Inside track: It's the unquantifiable parts of a business that mark its success, says Neil Rankin

24 May 2022 by
Inside track: It's the unquantifiable parts of a business that mark its success, says Neil Rankin

It's the unquantifiable parts of a business that determine whether it will stand the test of time, says Neil Rankin

It's possible that the word ‘value' is the most complicated, most misunderstood and also the most important word in the English language.

Value is any number or cost perceived sometimes to be cheap and sometimes not. It is a cost in relation to other costs that are greater or the same but for less; a scale of importance; a state of worth within a market; a measure of absolute importance; and, if you just add a simple 's' to the end, it is both a plural, a verb or an adjective. Most importantly, it is a belief system that underpins almost every religion, moral framework and possibly every decision we ever make in our lives. Value is a big word.

Understanding the importance of value in the context of running a restaurant or any business is pretty much the secret to making the whole thing work long term. Without considering it in all its contexts you may be heading for a hard fall.

Value in its sense of ‘good value' is appropriate to almost any successful venture, from the bottom to the top. McDonald's is the king of the bottom end, with a fierce dedication to providing a product for under a £1, while also providing great spaces, fast service and even an eye on sustainability that outshines its more expensive competitors. The model is and always has been in constant growth and innovation without losing sight of its target market. There's a lot to learn from McDonald's, even if you're not a fan of the food.

Even in the high-end world of tasting menus and Michelin stars the perceived value for high quality of service, menu size and time should not be overlooked. Once again that value may be unrecognisable to those who are not in its target market, but for those who are, that feeling of getting more than you have paid for is key.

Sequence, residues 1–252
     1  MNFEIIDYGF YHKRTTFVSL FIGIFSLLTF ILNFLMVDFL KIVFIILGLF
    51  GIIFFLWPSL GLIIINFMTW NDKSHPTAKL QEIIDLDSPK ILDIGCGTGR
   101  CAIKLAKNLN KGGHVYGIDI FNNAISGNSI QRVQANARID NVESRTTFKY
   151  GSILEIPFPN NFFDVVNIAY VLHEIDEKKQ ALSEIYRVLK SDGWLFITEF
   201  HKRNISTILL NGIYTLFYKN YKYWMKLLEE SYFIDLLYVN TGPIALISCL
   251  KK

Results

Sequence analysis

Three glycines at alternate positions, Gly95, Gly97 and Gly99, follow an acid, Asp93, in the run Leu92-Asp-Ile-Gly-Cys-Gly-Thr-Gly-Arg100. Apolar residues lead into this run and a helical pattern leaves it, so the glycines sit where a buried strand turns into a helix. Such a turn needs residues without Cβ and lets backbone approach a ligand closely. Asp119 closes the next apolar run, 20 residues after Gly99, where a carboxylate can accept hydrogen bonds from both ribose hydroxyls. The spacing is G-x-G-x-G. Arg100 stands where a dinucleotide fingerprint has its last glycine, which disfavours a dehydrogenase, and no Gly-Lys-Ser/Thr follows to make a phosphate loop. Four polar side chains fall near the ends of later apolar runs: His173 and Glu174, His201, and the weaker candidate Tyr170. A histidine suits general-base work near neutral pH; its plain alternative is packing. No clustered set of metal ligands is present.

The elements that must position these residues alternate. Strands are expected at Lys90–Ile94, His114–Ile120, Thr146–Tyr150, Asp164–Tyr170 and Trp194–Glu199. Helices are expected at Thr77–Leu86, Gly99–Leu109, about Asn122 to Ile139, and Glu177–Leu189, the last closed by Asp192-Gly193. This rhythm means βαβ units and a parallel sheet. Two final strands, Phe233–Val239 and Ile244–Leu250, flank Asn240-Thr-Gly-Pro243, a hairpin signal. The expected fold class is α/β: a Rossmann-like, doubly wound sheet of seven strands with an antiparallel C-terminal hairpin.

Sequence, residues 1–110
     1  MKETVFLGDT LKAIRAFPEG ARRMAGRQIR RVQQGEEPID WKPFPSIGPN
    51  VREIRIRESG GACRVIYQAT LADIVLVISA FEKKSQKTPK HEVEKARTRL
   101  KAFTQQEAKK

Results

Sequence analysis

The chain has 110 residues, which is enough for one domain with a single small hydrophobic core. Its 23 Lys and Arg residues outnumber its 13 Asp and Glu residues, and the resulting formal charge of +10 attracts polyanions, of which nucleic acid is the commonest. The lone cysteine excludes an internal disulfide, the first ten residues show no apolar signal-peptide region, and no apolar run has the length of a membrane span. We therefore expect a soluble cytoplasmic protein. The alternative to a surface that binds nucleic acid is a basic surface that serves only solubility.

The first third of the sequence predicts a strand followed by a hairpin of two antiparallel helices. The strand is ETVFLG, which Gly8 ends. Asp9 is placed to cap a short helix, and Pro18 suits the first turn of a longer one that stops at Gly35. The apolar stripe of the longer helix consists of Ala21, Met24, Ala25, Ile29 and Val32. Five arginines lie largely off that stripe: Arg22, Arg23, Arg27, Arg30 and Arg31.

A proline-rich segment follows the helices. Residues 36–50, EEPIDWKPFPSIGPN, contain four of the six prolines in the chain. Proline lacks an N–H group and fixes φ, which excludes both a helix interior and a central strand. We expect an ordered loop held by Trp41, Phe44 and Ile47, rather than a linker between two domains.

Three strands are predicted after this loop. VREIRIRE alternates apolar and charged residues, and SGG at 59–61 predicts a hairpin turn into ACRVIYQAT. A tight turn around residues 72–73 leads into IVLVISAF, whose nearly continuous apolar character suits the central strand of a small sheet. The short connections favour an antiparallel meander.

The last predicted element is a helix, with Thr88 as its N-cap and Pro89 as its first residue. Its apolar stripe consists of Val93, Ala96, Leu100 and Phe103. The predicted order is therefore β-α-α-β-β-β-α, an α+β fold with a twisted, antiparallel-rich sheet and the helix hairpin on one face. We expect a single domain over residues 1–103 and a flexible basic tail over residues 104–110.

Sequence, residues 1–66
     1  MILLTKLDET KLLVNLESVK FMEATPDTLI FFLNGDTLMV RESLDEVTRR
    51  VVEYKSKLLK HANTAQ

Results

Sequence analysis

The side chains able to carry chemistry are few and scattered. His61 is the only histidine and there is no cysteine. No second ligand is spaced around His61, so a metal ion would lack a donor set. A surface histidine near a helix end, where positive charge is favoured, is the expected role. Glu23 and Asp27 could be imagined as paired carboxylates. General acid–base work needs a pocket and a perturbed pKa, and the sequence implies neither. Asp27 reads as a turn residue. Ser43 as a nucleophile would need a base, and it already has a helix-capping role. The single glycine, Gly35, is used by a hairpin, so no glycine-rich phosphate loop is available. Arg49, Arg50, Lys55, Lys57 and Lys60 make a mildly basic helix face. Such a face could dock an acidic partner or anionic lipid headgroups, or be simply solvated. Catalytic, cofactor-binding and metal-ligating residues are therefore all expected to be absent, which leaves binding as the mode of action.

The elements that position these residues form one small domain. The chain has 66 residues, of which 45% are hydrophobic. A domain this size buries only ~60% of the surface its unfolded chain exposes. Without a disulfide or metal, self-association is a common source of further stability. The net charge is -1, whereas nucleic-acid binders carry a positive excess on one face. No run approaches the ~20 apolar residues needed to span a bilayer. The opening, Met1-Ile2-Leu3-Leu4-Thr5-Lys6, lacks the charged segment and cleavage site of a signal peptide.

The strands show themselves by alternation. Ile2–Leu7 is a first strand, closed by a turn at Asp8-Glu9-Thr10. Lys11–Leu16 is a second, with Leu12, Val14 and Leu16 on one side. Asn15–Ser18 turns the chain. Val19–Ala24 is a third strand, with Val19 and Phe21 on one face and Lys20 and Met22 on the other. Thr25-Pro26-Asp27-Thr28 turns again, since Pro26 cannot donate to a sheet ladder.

That all seems obvious enough, but what is usually lost in most models in any market is having and maintaining a constant focus on core ‘values'. The thing that holds the Dishooms, the Corbin & Kings (RIP), the Hawksmoors and the JKS concepts to name a few (and there are only a few), is a skill in looking at their business from top to bottom and constantly evaluating their decisions against its values. Whether that's in the way they treat, pay and reward their staff, in the suppliers they use, in the sustainability or ethical goals they prioritise, the detail of what makes them special, or the community work they do. These companies constantly deliver as great members of a wider society as well as being great restaurants.

It's a full-time job, which means looking in as well as out and focusing on what most companies would see as an unnecessary extravagance, but, in truth, should be the thing we spend as much energy on as anything else, though few ever do.

It's hard to focus with so much exterior noise, but to be a part of a society is never about prioritising yourself, it's about looking at the needs of those around you and finding your place among them. In this market where we struggle to find staff and fight for customers and profit, the most selfish among us and the ones concerned only with the bottom line, ego and returns will undoubtedly feel the backlash the hardest. People will tire of your food long before they tire of your journey, if they truly feel part of it and your values.

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